Hamburg Superintendent Mike Cornell points out that inflated costs — from utility bills, to fuel and even food — is making life a little more complicated in his western New York school district as teachers and school officials continue to provide for students.
"We are buckling up for a year in which we are going to have to sharpen the pencil on some of those other costs to make sure we can spend money on where it really needs to be spent, which is on early literacy, early numerousy and student mental health," he said.
High prices brought on by inflation have affected everyone's wallet at the grocery store and at the gas pump. School districts aren't immune to those problems, and in many cases, are facing even more headwinds from the current economic climate.
They operate transit fleets, administer breakfast and lunch programs and employ workers who are also feeling the pinch of high prices. The problem could make it even more expensive to pay support staff as a result as they push for higher wages to contend with the extra costs they're paying too, Cornell said.
"We had a tight labor market, which obviously has caused us to have some difficulty attracting some bus drivers, maintenance folks, clerical folks," he said. "You can do those jobs anywhere and there are a lot of parts of the economy where people are paying a premium."
Schools in New York have received billions of dollars in additional state aid in recent years. But the continued flow of money from the state is not necessarily a guarantee. Bob Lowry of the New York Council of School Superintendents believes the cloud of an economic downturn is a concern.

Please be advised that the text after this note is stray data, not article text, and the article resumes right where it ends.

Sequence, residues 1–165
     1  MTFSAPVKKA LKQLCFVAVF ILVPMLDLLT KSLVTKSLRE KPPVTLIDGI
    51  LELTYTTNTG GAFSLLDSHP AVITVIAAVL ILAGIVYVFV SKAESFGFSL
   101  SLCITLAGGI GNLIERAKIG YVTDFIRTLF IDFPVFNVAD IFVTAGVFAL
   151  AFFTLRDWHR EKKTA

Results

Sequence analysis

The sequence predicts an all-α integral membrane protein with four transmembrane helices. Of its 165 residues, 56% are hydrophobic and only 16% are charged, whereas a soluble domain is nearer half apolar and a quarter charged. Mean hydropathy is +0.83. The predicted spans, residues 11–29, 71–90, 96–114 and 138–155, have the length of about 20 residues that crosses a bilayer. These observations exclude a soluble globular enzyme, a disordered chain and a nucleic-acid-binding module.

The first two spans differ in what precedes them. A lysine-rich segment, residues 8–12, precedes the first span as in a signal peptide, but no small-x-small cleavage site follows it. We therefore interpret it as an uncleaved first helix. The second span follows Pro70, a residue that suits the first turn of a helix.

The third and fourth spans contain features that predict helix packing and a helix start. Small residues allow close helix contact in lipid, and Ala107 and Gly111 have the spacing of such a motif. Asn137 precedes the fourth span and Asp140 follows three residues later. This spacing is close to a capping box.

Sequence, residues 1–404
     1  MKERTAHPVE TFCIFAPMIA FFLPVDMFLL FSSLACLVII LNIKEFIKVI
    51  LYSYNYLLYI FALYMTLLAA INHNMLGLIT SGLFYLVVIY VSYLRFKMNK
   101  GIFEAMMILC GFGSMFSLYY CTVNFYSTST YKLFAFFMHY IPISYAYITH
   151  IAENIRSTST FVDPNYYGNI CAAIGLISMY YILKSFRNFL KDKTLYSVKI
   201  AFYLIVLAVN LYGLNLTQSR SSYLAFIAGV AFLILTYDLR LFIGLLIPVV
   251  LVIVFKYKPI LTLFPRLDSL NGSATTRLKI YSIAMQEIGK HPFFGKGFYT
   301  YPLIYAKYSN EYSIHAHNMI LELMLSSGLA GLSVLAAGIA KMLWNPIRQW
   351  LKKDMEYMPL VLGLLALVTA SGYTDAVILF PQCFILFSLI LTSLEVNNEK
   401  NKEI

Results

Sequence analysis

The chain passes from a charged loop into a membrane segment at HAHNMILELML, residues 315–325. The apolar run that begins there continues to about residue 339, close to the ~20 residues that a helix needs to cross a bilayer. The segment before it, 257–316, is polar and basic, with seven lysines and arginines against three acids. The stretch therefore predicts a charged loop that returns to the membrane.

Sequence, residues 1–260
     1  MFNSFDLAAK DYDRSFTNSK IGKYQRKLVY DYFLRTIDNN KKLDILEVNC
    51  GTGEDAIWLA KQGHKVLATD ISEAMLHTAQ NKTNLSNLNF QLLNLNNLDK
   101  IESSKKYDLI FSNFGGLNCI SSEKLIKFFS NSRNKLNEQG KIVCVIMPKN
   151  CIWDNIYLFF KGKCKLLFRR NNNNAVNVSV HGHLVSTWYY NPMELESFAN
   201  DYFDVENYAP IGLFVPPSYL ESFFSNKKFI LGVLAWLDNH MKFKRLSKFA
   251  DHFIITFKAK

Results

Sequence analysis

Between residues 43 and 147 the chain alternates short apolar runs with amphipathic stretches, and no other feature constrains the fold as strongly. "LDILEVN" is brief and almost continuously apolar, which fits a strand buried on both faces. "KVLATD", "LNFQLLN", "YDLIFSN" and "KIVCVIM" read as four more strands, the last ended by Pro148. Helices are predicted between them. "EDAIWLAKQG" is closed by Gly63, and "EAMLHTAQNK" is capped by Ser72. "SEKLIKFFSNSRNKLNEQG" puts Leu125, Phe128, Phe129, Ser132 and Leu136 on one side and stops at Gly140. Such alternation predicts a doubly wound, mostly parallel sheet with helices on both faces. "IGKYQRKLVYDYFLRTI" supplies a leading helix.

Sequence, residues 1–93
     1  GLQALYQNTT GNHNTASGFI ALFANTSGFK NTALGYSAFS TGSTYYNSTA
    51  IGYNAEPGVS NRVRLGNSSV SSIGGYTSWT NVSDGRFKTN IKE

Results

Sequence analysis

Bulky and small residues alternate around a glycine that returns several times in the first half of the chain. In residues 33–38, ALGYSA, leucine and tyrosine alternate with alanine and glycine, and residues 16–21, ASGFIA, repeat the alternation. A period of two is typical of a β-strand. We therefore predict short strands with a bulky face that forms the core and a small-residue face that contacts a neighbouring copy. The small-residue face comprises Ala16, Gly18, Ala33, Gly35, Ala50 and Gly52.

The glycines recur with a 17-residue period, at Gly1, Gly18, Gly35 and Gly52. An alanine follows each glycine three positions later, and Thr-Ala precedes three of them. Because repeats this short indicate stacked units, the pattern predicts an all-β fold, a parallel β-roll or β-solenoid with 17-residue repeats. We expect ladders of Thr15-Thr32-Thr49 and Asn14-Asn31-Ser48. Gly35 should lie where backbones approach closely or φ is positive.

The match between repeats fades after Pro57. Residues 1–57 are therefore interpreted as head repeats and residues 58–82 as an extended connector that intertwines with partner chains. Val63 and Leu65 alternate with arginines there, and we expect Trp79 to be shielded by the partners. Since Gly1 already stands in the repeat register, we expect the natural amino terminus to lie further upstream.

New York has capped increases on school taxes over the last decade in order to control some of the highest property taxes in the country. But that has also had the effect of limiting another revenue source for schools.
"We do have to be concerned about what's the continued outlook for the state and the potential threat of a recession," he said.
Many school districts were able to lock prices in place earlier this year by contracting early. But Association School Business Officials Executive Director Brian Chechniki said even basic expenses for districts can easily become a burden.
"For a lot of districts, it's a huge expense in transporting students for 180 days out of the year and they feel the impact of fuel prices in the way we do as consumers," he said.
If inflation persists, school districts will have to get creative in finding solutions to high costs.
"There's always talk about shared services and other avenues for that, but ultimately that's going to be a very locally based decision, district to district, on how to address these concerns," Chechniki said.